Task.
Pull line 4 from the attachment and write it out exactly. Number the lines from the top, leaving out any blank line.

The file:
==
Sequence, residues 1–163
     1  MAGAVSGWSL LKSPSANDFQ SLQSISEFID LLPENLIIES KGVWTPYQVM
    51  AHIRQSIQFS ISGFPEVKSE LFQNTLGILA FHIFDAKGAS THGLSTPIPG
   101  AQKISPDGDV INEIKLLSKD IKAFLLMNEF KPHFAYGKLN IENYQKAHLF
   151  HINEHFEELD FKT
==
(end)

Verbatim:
   101  AQKISPDGDV INEIKLLSKD IKAFLLMNEF KPHFAYGKLN IENYQKAHLF